Remember when John Kelly was chosen to restore order in the White House? It was only a few months ago. The talking heads on TV effusively praised the new chief of staff. He was, after all, a former Marine general, and the media in this country think more highly of generals than saints.
For a while, Kelly was seen but rarely heard, and it was sketchily reported that he was making progress on the job, blocking the door against corrupt bozos who previously had easy access to the Oval Office. A widely seen photo showed him backstage hanging his head as Donald Trump told reporters that both sides were to blame for violence at a protest by neo-Nazis in Charlottesville. I think we were supposed to believe Kelly was a man of principle, measured and careful, embarrassed by the remarks of his clownish, bigoted boss.
But there’s something wrong with this picture. Why would an upstanding old soldier like Kelly sign on with a draft-dodging, fraudulent sociopath like Donald Trump? Was he a high-minded public servant trying rescue Trump from his own stupidity and nastiness, or just a rigid right-winger who liked being close to the center of power?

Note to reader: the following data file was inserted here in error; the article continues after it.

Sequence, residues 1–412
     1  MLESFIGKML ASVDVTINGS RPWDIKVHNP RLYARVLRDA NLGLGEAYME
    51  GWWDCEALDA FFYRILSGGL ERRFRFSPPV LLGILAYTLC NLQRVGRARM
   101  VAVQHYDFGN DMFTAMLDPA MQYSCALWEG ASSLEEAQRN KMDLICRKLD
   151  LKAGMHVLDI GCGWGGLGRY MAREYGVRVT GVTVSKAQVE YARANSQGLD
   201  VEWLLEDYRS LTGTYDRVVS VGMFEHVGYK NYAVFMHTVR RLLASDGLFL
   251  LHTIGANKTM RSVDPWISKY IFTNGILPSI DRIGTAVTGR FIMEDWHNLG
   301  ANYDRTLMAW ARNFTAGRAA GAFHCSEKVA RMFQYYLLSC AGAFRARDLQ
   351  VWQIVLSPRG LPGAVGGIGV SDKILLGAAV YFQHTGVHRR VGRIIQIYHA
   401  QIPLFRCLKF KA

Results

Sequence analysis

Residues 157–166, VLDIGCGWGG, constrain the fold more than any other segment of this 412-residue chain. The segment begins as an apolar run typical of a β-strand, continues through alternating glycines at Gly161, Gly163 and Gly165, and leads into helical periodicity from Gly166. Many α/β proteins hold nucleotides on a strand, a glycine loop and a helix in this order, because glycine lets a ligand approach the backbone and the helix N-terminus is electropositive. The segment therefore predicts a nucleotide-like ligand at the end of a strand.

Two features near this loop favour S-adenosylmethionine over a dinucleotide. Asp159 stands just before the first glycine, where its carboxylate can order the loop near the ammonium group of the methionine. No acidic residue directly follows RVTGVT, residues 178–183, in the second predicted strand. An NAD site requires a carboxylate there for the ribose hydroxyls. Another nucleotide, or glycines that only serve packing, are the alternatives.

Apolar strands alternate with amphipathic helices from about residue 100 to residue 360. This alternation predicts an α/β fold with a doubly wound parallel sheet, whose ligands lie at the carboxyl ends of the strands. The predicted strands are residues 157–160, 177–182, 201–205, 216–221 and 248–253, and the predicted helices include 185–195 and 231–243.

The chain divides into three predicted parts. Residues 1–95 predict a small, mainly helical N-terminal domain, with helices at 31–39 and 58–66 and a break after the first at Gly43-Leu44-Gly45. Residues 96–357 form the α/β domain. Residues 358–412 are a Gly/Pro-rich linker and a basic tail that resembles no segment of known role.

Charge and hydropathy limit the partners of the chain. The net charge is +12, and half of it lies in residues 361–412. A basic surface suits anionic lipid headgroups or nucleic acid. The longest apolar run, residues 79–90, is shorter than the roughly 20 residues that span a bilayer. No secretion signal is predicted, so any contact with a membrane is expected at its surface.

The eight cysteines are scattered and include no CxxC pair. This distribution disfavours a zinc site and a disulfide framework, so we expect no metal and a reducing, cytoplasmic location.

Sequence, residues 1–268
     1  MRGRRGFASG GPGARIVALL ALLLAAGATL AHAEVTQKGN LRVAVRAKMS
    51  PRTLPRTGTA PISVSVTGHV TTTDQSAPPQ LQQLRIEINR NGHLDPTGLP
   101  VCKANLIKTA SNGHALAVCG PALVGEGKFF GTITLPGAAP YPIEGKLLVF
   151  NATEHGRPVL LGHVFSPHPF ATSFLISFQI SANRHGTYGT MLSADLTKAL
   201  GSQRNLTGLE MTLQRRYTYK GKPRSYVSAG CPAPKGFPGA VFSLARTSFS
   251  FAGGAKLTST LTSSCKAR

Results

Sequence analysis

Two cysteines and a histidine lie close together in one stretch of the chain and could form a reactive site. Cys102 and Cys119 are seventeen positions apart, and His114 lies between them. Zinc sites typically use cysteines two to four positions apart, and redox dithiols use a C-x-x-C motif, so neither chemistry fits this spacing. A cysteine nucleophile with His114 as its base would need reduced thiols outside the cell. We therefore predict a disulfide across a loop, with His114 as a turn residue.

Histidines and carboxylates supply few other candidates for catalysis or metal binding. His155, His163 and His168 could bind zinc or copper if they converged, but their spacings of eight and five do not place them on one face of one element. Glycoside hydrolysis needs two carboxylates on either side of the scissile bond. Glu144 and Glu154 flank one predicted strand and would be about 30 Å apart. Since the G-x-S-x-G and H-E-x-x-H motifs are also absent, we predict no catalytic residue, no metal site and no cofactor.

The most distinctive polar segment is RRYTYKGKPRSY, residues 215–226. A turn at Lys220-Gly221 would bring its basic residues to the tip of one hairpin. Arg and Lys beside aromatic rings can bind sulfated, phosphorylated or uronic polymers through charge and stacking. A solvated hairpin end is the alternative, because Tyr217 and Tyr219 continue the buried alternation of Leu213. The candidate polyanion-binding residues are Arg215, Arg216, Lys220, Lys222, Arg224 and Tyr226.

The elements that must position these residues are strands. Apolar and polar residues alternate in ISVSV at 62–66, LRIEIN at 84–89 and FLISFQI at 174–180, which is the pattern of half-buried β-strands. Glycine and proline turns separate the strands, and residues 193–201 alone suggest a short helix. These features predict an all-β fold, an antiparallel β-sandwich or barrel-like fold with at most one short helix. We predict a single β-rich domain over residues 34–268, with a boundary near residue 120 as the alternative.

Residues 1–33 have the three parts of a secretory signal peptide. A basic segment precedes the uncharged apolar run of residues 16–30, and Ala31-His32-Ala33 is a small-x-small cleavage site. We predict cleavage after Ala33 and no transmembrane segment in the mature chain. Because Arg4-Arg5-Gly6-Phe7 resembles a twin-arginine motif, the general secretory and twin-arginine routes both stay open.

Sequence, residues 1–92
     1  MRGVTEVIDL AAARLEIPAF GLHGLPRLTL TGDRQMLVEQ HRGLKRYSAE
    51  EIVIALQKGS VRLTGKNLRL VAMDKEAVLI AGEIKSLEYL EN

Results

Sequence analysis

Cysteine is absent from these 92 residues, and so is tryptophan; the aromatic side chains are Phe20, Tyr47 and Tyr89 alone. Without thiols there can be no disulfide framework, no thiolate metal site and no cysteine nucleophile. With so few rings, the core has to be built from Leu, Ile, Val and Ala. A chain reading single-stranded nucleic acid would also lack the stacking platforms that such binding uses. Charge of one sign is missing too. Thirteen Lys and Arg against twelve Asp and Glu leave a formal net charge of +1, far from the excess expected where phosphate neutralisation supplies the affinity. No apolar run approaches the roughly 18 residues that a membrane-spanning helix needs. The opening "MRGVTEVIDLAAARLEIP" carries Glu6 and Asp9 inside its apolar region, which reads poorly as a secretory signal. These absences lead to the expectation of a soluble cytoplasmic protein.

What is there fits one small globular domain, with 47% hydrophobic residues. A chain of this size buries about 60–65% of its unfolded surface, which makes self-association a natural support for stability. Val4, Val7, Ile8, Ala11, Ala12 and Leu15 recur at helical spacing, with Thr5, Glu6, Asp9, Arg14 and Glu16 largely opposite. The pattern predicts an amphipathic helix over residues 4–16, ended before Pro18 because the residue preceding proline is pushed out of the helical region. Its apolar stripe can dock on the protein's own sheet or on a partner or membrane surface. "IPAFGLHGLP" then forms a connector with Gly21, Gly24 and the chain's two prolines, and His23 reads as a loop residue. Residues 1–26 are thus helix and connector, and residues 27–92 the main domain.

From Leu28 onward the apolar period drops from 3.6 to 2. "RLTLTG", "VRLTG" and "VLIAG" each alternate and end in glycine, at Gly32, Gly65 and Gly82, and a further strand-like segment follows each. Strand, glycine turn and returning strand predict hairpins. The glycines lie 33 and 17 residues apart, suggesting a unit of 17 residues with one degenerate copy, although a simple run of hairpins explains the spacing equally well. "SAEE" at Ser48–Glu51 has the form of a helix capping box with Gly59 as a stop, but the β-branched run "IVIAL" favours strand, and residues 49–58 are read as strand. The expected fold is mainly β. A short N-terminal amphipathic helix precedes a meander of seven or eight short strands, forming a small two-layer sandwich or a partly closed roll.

We might still be guessing if Kelly hadn’t spoken out against the mother of a slain black soldier who said Trump disrespected her. If he hadn’t compared the present to the good old days when religion and women were “sacred.” If he hadn’t said the Civil War could have been avoided through compromise on slavery. If he hadn’t said he’d only take questions from reporters who were “gold Star parents or siblings.” (Kelly’s son was killed in action in Afghanistan.)
Turns out Kelly has a lot in common with his boss, who brings out the worst in all who get close to him. Lie down with Trump and you get up smelling like shit, even if you’re a general and a Gold Star dad.